Research ArticleCONDENSED MATTER PHYSICS

Tuning from failed superconductor to failed insulator with magnetic field

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Science Advances  14 Jun 2019:
Vol. 5, no. 6, eaav7686
DOI: 10.1126/sciadv.aav7686
  • Fig. 1 Phase diagram of La2–xBaxCuO4 with x = 0.125 in terms of sheet resistance and Hall coefficient.

    (A) Interpolated color contour plot of the sheet resistance Rs as a function of temperature and magnetic field. Black vertical marks indicate measurement temperatures. The regimes of 3D and 2D superconductivity (SC) with zero electrical resistance are labeled; the UQM phase occurs at fields above the dotted line. Characteristic fields H3D, H2D, and HUQM (defined in the text) are overplotted as solid, dashed, and dotted white lines, respectively (these results are for sample A1; for an analogous plot for sample A2, see fig. S1). (B) Hall coefficient as a function of temperature, with error bars obtained by averaging over the entire field range (0 to 35 T; see fig. S2) at each temperature. RH is effectively zero below 15 K, as expected for a superconductor, and it rises to the normal-state magnitude around ∼40 K. The upper dashed line indicates the magnitude of RH that would be expected in a one-band system with a nominal hole density of 0.125. Results are from sample A, as described in the text.

  • Fig. 2 Sheet resistance in zero magnetic field.

    Rs as a function of temperature for samples A (circles) and B (squares). Inset shows sample and standard four-probe measurement configuration. Sample A has voltage contacts on two edges, resulting in measurements labeled A1 and A2. The difference between samples A and B is consistent with a small c-axis contribution to the resistance of B due to a slight misorientation of the c axis.

  • Fig. 3 Sheet resistance as a function of magnetic field.

    Results at various temperatures for samples (A) A1, (B) A2, and (C) B. (D) to (F) show the same data plotted versus a scaled magnetic field, as discussed in the text. H2D corresponds to the field at which zero resistance is seen in A1, and a local maximum of RsRQ occurs in A2. Measurement temperatures are color coded, as indicated in (D). Rs was measured with an ac current of 31.6 μA (for plots of Rs versus T, see fig. S3).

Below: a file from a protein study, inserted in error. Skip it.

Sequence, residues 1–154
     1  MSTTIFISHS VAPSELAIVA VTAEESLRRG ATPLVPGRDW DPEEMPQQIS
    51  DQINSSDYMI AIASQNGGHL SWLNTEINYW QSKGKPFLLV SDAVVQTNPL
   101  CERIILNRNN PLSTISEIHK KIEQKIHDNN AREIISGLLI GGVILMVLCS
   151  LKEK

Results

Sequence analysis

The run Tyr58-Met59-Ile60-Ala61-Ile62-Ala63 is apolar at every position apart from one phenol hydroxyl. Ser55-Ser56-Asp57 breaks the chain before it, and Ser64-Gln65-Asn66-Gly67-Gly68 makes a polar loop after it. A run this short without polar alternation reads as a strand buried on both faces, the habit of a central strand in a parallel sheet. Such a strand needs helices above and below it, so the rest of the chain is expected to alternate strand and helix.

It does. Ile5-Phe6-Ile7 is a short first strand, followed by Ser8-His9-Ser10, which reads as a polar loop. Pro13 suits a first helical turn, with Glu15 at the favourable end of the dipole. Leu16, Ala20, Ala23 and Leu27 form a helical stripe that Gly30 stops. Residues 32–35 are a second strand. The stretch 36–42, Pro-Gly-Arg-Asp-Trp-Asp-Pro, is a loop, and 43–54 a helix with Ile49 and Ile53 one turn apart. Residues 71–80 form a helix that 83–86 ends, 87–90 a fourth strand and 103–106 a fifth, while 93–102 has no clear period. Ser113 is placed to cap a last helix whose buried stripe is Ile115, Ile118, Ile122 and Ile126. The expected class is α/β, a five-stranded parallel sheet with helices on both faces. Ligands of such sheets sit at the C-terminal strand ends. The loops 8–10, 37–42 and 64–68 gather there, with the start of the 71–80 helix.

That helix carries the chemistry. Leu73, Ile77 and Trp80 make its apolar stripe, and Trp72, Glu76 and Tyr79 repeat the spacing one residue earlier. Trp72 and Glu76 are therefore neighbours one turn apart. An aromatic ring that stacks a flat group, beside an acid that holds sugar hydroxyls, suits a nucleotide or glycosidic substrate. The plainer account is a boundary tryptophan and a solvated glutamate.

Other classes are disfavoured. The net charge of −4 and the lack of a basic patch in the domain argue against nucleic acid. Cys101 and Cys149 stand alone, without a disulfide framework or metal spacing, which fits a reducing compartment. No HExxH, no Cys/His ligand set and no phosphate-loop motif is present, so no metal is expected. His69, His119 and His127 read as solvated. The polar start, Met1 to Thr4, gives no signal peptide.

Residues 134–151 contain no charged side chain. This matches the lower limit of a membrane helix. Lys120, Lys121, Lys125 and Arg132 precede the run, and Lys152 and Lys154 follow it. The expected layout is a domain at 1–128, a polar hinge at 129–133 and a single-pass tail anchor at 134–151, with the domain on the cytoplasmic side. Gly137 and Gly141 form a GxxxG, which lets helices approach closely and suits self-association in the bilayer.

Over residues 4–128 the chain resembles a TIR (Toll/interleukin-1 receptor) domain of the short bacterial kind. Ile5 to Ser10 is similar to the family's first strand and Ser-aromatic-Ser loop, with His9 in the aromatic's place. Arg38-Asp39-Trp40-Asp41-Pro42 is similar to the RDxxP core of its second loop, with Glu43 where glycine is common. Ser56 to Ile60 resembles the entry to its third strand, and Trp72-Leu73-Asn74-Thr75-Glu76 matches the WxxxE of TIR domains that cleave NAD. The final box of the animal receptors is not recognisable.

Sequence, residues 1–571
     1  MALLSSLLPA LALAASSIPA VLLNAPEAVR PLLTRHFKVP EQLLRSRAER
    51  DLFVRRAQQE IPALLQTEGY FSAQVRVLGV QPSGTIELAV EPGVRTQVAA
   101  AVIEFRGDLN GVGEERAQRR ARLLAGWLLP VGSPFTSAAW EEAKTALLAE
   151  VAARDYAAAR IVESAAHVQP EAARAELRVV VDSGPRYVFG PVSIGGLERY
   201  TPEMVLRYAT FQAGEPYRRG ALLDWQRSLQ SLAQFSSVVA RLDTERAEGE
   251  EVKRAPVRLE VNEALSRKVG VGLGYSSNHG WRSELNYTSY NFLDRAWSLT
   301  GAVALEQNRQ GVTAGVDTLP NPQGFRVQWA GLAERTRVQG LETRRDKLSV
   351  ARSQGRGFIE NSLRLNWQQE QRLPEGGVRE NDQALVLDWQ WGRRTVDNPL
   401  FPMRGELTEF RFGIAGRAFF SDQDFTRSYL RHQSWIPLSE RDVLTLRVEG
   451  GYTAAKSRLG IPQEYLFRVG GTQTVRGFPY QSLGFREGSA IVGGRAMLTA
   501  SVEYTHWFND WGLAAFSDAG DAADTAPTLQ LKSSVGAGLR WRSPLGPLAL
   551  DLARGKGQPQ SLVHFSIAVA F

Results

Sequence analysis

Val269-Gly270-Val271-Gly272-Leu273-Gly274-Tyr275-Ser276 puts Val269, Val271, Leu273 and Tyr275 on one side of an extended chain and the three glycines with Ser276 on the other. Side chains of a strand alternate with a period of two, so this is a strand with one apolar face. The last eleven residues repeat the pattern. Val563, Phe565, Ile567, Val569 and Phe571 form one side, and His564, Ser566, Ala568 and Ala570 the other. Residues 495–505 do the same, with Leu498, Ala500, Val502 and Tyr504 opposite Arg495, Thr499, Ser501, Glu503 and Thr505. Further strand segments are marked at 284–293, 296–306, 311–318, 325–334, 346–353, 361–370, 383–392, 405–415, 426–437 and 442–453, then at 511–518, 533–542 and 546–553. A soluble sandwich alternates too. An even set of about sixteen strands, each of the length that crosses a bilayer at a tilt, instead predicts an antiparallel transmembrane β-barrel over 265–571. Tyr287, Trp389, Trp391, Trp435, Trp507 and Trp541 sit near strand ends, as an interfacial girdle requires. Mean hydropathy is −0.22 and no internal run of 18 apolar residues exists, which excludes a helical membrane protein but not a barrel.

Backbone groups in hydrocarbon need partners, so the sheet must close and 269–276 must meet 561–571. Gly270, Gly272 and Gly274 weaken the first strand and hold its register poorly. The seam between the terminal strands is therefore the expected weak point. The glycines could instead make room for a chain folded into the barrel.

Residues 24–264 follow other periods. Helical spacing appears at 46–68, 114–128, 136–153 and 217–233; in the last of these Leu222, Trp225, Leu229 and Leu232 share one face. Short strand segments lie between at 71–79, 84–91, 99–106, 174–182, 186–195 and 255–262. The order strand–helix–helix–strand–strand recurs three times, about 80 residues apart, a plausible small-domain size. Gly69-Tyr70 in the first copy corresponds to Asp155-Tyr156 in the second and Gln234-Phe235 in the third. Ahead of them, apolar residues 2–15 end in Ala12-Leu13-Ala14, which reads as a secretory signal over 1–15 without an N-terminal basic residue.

• Fig. 4 Current dependence of sheet resistance.

    Results for samples (A) A1 and (B) A2 at T = 5.0 K with various currents. A significant difference between measurements is observed only in the 2D SC regime. (C) Current dependence of sheet resistance at μ0H = 15 T ≈ μ0H2D at T = 0.98 K for samples A1 (diamonds) and A2 (circles), obtained by nonlinear dV/dI measurements with an ac current of ∼10 μA, in addition to the larger dc current (see Materials and Methods). (D) Variation of sheet resistance at HH2D as a function of temperature measured with dc current of 31.6 (filled symbols) and 200 μA (open symbols; further data are presented in fig. S4.)

Supplementary Materials

  • Supplementary material for this article is available at http://advances.sciencemag.org/cgi/content/full/5/6/eaav7686/DC1

    Estimation of c-axis misorientation for sample B.

    Fig. S1. Temperature-magnetic field phase diagram for A2.

    Fig. S2. Field dependence of Hall voltage at various temperatures.

    Fig. S3. Sheet resistance at constant magnetic field.

    Fig. S4. ac nonlinear resistivity at H2D for various temperatures.

    Fig. S5. Additional results for sample B.

    Fig. S6. Comparison between A1 and previous results for a similar sample.

  • Supplementary Materials

    This PDF file includes:

    • Estimation of c-axis misorientation for sample B.
    • Fig. S1. Temperature-magnetic field phase diagram for A2.
    • Fig. S2. Field dependence of Hall voltage at various temperatures.
    • Fig. S3. Sheet resistance at constant magnetic field.
    • Fig. S4. ac nonlinear resistivity at H2D for various temperatures.
    • Fig. S5. Additional results for sample B.
    • Fig. S6. Comparison between A1 and previous results for a similar sample.

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